US push for European LNG market cooled by heated market competition


The US “attempts to derail Nord Stream 2 are part of unfair competition practices by potential suppliers of LNG, which is more expensive compared with natural gas delivered by pipelines,” Russia’s energy minister Alexander Novak declared following the implementation of new US sanctions against the Russian energy sector in August 2017. The scenario in which US LNG could flood the EU gas market is still far away.

Washington would have to compete with the EU’s top suppliers of LNG, in particular Algeria, Nigeria and Qatar. In 2016 the 3 countries sent 492 LNG cargo ships and accounted for 85 percent of the total shipments Europe imported. Since the US started LNG exports at the end of February 2016, 4 tankers were sent to Spain, 3 to Portugal, 1 to Italy, 1 to the UK, 1 to the Netherlands, 1 to Poland and 1 to Lithuania.

Poland quick to answer Trump’s call for partnership

So as not to extend its long-term import deal with Gazprom – which expires in 2022, Poland is looking to import piped gas from Norway, more LNG from Qatar and signed a new LNG deal with the US in November 2017. Since US LNG costs more than Norwegian piped gas, it is likely to only partly replace Russian gas deliveries.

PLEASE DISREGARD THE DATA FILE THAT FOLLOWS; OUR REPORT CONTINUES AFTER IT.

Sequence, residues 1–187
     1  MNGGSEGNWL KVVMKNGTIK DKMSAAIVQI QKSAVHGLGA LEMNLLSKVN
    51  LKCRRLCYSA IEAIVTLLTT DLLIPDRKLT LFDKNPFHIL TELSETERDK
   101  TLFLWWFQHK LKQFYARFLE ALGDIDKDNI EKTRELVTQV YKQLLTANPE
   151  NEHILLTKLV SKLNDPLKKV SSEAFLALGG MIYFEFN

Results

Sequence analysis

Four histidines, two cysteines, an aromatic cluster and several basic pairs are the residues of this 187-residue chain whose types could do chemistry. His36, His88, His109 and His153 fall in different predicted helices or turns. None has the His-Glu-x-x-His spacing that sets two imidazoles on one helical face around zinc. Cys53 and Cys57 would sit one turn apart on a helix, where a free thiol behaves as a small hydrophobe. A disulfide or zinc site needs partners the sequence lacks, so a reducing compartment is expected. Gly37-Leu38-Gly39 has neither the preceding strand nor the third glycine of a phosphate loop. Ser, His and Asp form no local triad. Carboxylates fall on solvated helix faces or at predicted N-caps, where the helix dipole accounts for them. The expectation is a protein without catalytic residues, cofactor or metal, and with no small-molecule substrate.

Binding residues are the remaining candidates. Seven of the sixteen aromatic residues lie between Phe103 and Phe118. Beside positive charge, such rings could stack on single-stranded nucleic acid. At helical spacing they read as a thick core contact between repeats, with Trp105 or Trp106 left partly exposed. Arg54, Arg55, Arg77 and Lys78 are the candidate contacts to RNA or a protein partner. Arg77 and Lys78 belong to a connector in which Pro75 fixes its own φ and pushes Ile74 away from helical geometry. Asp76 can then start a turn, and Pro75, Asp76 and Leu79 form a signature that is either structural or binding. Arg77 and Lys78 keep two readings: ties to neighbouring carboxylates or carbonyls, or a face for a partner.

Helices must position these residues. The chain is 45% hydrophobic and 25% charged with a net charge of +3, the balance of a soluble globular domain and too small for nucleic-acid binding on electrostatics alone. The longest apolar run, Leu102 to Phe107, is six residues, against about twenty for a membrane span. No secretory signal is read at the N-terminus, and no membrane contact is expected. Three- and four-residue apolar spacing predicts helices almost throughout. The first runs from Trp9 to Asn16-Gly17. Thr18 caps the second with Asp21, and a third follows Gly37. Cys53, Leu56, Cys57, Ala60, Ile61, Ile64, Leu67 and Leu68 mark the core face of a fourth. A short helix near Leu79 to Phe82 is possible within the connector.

Well supplied Southern Europe looks westward

Spain represents another potential entrance to the EU market. It has an annual LNG regasification capacity of 59 Bcm/year at its 6 LNG terminals, equivalent to the annual capacity of the Nord Stream. However, when trying to muscle in on Spanish LNG terminals, the US will have to face another gas giant in the region, namely Algeria. Spain receives 55 percent of its gas from its neighbour through pipelines but also via ship. Two other Southern EU member states which received US LNG – Italy and Portugal – also depend on Algerian deliveries, 16 and 15 percent of their national gas needs respectively. After Russia, Algeria is Europe’s second largest natural gas supplier, exporting almost 90 percent of its gas to Europe. As such, state-owned Sonatrach is determined to face competition and keep its market share. In spite of forecasts to the contrary, Algeria has managed to stem its domestic gas demand growth and increased its gas exports from 37 Bcm in 2015 to 49 Bcm in 2016.